Elusive : Bonsai Tree

Clyde Rally Finish review

Producer Aaron Koslow’s releases over the past couple of years deal with a modern commingling of EDM, jazz, hip-hop, and neo-soul. But about halfway through Bonsai Tree, his new 35-minute offering that moves like a slipstream through exploratory fusions, released on Dome of Doom a couple of weeks back, we get a glimpse at the discovery he’s been tirelessly working towards for a while now. Some would rest on laurels, consistently pumping out that same old, but Koslow, who records under the name Elusive, stays in the lab, studying music theory which has informed his current sonic direction. An expanded palette of new chord progressions, frenetic synth bass lines, recording in odd time signatures…dude is STILL putting in that work, jamming with local musicians and vocalists like he was a greenhorn. But that ain’t the case. Having turned heads in 2010 by playing at Low End Theory, the former epicenter of L.A.’s instrumental “beat scene,” and his ’90s production sheet—which includes collabs with Abstract Rude and Myka 9 from Freestyle Fellowship—Elusive’s OG card remains firmly planted in the crafting of progressive L.A. music for 20 plus years.

On “Rose Mary,” melodies zoom across the composition, tempos get shifty, rhythm patterns turning wormy, sideways, ping-pong between major and minor chord structures, giving the track inner movement. Brawny developments ensue on “Aesthetics” where stutter tempo, combined with frenzied bass movement and doughy chords leads us to the stepped-up finale. Even the light key run, ascending through space, presents a  different version of chill on “Thoughts and Pieces.” Bonsai Tree, much like Elusive’s recent output—Fusion Swing, Textures, Headspace, and the two-part EP series Dissonance/Consonance—builds its statement exploring genres and different theories about where modal and digitized sounds fit best.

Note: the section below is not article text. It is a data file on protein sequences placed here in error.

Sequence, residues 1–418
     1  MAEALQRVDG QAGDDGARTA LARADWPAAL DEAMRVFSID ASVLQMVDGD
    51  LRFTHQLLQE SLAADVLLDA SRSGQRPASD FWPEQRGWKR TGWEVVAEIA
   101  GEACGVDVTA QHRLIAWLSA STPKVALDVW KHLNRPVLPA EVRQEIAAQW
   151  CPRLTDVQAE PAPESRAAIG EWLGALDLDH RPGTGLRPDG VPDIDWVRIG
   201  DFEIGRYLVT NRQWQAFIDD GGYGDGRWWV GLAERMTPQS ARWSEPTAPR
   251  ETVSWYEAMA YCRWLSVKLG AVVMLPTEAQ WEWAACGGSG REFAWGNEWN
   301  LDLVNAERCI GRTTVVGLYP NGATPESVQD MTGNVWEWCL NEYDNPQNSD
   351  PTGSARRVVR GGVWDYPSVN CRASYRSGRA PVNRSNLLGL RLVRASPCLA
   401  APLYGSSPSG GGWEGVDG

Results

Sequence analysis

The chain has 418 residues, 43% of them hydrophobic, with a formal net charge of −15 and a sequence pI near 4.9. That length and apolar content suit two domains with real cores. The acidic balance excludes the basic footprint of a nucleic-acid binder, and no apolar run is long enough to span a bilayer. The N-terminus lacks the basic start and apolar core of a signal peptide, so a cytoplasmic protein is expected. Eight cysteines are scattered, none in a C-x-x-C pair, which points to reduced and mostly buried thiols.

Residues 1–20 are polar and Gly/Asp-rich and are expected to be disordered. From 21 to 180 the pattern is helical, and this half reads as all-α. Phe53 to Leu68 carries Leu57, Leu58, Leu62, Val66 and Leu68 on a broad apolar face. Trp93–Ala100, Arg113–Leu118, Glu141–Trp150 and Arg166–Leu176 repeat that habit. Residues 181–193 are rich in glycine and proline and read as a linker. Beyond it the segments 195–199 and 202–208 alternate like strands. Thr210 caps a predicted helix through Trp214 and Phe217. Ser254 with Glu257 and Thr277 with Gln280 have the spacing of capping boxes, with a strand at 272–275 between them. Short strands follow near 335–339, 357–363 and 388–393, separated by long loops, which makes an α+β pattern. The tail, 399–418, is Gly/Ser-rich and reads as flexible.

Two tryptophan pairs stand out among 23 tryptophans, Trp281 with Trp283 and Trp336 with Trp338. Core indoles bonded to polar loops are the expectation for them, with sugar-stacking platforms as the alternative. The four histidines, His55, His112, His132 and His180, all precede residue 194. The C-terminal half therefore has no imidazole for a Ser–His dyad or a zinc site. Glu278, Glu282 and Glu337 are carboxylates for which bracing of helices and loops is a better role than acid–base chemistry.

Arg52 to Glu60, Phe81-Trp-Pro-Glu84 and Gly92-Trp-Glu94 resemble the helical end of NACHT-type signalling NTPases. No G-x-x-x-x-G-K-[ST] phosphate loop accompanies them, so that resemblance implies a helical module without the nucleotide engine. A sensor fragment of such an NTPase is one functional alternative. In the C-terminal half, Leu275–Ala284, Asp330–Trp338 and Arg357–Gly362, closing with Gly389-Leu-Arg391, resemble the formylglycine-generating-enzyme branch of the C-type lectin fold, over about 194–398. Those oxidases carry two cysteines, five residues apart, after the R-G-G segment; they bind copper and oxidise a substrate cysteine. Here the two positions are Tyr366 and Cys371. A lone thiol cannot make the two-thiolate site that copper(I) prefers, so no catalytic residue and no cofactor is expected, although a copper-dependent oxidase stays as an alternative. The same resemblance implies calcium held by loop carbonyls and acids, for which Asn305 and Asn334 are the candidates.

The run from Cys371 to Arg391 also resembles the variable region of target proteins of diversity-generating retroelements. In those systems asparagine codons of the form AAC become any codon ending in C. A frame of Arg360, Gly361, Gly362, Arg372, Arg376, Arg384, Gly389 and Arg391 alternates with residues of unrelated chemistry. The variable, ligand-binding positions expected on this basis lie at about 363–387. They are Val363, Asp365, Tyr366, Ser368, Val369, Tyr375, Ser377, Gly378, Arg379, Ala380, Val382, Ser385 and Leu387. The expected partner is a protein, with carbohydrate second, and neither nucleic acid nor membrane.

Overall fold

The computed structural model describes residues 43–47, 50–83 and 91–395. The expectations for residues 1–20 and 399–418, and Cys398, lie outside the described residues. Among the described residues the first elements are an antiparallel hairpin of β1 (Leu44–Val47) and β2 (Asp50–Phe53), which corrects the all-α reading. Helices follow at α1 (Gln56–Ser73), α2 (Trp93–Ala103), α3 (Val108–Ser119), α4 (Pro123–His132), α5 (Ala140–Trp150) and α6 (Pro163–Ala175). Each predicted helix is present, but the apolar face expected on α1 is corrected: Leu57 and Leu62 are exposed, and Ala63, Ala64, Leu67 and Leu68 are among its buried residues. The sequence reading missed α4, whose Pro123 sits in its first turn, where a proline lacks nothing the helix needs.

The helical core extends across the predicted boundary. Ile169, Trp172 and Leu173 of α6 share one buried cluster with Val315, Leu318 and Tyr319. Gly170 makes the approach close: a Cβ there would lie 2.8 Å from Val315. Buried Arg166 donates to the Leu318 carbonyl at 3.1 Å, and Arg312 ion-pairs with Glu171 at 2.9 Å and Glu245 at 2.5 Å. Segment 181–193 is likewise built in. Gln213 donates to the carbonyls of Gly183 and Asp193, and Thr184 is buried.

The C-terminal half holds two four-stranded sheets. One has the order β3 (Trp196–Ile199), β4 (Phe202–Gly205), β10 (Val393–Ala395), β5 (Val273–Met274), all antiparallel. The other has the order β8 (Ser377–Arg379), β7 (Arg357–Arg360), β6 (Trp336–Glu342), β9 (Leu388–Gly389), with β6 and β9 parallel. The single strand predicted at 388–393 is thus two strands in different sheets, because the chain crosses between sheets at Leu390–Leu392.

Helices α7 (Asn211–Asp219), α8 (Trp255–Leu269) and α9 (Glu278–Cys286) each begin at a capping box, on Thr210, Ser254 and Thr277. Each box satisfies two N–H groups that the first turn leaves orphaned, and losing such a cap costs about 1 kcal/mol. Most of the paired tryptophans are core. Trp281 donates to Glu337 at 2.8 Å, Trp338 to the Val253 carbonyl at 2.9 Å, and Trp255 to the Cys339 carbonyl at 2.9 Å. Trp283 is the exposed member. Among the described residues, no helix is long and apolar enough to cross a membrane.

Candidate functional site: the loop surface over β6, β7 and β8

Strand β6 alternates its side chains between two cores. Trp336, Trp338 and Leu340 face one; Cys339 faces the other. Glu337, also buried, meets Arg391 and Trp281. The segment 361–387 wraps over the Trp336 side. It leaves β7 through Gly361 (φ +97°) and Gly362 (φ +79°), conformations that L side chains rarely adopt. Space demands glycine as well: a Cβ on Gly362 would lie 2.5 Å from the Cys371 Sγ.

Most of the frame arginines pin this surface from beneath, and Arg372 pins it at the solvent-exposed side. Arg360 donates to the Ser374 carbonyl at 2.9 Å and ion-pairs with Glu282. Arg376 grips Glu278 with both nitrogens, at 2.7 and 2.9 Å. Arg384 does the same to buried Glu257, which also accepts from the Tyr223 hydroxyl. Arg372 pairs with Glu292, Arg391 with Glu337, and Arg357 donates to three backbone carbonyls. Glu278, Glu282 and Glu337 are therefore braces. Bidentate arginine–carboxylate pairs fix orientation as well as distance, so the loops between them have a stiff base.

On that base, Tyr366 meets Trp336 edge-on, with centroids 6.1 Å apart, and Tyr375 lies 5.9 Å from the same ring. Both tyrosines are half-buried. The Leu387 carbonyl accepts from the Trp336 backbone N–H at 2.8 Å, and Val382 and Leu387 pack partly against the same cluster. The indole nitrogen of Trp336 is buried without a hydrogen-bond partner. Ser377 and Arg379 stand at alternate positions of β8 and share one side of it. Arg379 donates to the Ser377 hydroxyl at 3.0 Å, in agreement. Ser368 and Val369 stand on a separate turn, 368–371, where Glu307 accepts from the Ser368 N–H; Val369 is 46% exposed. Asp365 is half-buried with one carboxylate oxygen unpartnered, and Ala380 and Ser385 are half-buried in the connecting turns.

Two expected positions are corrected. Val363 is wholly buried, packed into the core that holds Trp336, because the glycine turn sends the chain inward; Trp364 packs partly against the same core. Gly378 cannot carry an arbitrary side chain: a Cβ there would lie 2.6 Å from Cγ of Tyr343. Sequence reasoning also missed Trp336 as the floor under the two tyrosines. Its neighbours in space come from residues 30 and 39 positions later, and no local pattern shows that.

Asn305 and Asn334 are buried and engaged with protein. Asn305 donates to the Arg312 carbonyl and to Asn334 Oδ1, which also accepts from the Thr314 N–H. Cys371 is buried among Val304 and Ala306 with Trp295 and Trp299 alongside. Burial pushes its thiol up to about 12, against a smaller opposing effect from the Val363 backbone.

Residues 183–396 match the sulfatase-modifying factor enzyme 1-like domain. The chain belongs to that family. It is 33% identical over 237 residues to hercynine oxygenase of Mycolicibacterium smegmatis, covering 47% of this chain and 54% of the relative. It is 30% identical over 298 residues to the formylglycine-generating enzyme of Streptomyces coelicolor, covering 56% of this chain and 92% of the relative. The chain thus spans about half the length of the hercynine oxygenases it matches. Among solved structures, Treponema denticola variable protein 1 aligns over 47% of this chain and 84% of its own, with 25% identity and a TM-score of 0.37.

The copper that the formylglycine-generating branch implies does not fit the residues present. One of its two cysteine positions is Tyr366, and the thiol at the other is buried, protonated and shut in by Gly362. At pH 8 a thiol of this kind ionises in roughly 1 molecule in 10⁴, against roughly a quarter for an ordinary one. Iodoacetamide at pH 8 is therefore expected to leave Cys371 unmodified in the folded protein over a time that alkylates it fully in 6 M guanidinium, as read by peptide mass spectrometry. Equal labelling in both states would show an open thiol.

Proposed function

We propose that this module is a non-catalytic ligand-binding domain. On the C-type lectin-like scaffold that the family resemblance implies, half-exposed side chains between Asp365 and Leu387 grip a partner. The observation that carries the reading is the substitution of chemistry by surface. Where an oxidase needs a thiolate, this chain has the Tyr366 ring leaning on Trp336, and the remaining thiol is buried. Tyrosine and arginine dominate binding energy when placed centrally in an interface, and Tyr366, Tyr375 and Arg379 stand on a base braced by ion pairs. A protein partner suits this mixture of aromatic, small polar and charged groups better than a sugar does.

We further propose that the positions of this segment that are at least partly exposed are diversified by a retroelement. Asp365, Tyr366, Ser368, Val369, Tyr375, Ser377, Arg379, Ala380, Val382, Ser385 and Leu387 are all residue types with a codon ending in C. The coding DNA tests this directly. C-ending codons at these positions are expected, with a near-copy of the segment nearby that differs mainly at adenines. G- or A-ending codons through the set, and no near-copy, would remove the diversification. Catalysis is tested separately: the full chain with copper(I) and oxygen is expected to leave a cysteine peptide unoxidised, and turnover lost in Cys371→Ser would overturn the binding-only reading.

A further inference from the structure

And sure, it may sound, word-cloud wise, like a tired convention. Especially if you do a quick double take on how jazz “done blowed up” globally with a new generation, a good thing for sure. But the ongoing dialogue between the past and what’s to come is the terrain upon which Koslow has fostered a highly respected production style that’s all his own. “LuvBeam,” a half-time construction that features persistent vinyl crackle, incremental bass lines prowling, with crisp snare hits in tow, supports a lively tenor saxophone, played by Ian Roller, that stretches out across this pattern. It’s a mood.

Could this, along with the first couple of tracks on the album, fit seamlessly on Fusion Swing from a couple of years ago? Sure. But it’s a presence here that gives proper context to the progression.

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